Knut Andreas Bergsvik

Knut Andreas

Professor Knut Andreas Bergsvik

My main academic interests deal with economic, social and ideological and aspects of prehistoric societies and my research are presently concentrated on two different themes: (1) subsistence-settlement patterns among coastal hunter-fishers and (2) the human use of caves and rockshelters. My work on these themes is mainly based on own archaeological fieldwork at several sites in western Norway and also on extensive cross-disciplinary cooperation with botanists, geologists, and osteologists. I have particularly been engaged in discussing the development of sedentary settlement patterns during the late Mesolithic and Neolithic periods in western Norway, the implications of these patterns for the development of territorial units, and the introduction of agriculture. Caves and rockshelters are studied in a long-term perspective, and within a broad geographical frame. Their special character as “natural places” and their good preservation conditions for organic material allow for in-depth, multi-disciplinary studies of ritual life as well as subsistence and social relations. During the last few years I have used archaeological data from rockshelters in Norway for discussions on Mesolithic bone technology and subsistence changes, as well as on the significance of caves and rockshelters in the in the Iron Age and Middle Age societies.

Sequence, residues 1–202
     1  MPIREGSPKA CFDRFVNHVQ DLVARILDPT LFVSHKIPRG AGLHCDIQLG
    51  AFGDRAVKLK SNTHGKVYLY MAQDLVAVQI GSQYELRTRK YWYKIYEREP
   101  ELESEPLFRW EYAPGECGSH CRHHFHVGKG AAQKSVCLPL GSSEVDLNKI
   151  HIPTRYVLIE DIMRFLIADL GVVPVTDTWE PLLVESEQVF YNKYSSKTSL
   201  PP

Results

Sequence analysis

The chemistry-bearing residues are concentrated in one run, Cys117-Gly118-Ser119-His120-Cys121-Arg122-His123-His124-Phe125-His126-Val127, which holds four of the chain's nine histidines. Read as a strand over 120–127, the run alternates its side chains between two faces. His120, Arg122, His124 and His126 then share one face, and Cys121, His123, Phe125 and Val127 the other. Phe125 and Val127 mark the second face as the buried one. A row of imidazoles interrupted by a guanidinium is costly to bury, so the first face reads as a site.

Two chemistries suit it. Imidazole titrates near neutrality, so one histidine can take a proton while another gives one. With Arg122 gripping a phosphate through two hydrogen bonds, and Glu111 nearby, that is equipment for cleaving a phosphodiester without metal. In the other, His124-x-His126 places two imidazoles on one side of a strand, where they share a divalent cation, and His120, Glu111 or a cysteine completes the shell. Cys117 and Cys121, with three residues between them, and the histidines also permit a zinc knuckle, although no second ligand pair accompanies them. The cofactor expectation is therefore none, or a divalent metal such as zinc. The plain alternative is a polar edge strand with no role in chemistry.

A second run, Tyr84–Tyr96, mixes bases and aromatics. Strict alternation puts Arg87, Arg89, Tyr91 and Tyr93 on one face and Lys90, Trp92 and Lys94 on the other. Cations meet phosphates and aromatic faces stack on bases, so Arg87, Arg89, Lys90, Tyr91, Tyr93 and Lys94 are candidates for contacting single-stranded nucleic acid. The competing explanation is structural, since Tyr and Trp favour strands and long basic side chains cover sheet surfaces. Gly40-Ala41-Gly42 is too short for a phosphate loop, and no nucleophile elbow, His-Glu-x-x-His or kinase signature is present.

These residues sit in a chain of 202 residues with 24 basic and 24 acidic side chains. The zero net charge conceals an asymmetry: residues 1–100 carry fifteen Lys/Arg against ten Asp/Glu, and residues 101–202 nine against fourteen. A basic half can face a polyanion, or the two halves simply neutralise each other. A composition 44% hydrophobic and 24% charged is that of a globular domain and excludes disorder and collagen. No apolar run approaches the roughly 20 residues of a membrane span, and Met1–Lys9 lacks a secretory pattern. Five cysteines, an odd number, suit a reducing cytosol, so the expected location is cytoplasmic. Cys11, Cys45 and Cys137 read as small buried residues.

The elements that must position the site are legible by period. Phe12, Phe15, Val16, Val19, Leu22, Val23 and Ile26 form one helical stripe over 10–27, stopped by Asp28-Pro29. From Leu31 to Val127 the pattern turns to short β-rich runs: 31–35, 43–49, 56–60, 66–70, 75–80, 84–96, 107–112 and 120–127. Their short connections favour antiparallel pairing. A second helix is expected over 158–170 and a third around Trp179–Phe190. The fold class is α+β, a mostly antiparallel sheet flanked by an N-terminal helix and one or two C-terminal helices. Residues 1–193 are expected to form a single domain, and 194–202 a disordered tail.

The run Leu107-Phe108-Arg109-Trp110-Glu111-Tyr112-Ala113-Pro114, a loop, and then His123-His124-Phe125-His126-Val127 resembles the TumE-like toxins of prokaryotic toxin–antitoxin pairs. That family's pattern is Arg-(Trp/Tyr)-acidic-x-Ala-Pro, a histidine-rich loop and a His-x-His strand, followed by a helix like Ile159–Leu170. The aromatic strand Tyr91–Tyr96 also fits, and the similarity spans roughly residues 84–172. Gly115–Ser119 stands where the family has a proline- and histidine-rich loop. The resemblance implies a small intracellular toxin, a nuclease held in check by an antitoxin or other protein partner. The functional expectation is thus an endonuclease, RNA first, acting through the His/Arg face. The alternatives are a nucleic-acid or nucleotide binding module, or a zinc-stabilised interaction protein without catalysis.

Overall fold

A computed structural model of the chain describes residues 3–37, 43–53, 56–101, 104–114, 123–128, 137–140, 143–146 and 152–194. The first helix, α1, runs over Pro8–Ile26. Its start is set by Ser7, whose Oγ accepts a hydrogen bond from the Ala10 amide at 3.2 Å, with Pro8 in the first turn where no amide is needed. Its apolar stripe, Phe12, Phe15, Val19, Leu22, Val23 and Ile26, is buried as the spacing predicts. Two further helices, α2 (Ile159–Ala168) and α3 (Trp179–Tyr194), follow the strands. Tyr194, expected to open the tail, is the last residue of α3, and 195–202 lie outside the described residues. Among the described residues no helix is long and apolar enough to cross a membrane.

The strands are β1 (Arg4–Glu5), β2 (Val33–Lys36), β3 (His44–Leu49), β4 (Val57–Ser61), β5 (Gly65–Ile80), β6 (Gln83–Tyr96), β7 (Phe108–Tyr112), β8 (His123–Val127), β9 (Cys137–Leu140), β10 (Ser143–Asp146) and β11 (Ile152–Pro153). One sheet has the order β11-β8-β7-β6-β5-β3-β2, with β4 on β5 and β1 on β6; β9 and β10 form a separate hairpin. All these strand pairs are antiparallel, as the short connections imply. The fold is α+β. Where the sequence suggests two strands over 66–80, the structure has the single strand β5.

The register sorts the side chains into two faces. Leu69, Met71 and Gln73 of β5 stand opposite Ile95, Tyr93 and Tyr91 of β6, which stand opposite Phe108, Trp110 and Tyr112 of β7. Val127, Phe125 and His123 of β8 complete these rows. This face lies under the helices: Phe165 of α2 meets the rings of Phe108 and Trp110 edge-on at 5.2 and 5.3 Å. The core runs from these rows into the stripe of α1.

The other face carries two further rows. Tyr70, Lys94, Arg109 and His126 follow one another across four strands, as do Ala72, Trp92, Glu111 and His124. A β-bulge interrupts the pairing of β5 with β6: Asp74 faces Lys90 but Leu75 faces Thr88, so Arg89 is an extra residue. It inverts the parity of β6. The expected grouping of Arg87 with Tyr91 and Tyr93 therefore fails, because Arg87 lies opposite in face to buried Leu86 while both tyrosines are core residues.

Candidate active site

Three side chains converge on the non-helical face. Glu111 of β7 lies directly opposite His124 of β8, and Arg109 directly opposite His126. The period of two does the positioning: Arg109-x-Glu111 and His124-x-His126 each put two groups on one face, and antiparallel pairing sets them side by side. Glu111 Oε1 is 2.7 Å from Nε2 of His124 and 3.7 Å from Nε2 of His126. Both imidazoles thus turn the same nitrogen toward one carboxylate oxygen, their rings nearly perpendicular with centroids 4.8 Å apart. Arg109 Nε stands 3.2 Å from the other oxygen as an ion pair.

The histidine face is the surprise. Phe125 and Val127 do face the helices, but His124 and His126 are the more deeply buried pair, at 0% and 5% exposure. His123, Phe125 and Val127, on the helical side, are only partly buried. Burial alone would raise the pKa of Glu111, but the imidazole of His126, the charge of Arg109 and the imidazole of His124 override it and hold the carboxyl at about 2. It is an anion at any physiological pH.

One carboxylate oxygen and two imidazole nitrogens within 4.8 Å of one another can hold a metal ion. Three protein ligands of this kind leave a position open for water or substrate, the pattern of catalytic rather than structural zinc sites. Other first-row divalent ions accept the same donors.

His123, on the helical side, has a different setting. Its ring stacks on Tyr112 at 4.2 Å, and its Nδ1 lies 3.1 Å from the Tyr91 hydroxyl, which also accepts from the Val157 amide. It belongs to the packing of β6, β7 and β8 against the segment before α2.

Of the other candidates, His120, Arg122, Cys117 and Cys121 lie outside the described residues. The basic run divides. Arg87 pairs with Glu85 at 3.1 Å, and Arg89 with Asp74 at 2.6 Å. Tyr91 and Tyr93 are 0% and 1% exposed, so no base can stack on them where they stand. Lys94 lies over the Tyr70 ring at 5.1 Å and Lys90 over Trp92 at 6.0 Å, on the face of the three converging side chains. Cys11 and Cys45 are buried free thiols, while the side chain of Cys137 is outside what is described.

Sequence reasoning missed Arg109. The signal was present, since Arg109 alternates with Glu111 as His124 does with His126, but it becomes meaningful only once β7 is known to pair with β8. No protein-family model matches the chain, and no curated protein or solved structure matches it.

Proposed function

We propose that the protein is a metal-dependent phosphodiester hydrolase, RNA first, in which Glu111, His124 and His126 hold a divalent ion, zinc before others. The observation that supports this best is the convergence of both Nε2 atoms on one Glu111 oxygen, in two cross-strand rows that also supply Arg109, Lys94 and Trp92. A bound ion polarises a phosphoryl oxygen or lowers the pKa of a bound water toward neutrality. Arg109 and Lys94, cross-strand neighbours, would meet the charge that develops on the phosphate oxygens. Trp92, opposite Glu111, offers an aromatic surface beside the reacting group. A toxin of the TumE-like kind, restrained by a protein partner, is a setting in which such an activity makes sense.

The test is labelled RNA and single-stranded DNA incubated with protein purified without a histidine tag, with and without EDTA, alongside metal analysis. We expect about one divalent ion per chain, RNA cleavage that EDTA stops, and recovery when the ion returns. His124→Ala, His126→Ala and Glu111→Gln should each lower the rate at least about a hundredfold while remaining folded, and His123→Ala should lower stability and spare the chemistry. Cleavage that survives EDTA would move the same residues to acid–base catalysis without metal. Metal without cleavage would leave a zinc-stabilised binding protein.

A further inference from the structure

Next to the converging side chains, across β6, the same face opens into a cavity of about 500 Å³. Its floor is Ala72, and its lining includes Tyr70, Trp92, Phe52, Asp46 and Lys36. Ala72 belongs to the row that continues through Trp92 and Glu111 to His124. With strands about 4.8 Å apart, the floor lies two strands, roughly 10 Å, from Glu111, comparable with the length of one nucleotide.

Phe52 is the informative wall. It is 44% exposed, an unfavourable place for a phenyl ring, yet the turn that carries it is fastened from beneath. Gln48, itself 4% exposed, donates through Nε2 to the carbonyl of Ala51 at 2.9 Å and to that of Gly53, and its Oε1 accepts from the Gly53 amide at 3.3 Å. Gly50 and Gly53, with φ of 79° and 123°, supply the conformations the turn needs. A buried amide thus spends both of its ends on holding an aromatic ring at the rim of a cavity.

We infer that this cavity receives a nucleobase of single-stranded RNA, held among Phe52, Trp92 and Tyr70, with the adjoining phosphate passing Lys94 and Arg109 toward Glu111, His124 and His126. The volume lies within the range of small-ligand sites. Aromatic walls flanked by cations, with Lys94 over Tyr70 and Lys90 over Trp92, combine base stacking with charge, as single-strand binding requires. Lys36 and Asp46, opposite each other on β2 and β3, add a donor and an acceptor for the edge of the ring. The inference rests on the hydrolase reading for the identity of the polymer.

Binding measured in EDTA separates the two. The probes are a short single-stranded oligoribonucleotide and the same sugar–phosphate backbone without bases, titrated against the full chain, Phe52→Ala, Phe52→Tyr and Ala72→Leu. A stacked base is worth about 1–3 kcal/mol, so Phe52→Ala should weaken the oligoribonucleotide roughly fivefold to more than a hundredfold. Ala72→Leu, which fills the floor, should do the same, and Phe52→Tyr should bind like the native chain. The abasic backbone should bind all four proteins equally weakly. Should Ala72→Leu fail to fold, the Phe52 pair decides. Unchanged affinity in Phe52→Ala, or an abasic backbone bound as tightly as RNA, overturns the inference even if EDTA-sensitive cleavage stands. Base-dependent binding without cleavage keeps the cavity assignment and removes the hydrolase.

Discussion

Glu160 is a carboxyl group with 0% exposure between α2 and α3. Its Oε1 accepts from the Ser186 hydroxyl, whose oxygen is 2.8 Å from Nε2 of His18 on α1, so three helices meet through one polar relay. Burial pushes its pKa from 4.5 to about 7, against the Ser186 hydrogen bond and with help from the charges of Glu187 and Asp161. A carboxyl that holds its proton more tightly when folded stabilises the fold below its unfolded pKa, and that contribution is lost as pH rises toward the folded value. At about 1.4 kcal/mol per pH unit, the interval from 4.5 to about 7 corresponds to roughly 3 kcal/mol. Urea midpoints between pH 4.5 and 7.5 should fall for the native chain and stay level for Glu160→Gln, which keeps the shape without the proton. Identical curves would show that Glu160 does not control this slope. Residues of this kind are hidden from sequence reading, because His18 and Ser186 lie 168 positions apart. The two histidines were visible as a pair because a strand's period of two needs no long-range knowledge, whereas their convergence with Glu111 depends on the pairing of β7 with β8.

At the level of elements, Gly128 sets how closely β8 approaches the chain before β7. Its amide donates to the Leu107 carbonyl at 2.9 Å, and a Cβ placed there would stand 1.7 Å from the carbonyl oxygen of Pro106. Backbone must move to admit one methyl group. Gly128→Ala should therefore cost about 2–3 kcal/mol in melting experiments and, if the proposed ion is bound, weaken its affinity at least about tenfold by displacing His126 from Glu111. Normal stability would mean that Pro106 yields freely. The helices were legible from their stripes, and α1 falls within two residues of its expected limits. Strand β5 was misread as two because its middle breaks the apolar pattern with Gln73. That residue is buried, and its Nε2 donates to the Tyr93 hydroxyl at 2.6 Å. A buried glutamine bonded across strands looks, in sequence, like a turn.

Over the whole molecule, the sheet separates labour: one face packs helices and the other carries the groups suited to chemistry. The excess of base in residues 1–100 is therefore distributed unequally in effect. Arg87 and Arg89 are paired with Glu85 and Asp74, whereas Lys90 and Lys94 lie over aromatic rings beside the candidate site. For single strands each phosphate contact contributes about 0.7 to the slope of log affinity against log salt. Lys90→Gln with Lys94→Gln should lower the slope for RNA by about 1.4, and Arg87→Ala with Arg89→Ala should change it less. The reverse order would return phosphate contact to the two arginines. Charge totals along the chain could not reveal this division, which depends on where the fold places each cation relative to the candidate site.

University Museum of Bergen

University of Bergen, Norway

T: (+47)55583136/97741034


PA: P.O. Box 7800, 5020 Bergen, Norway

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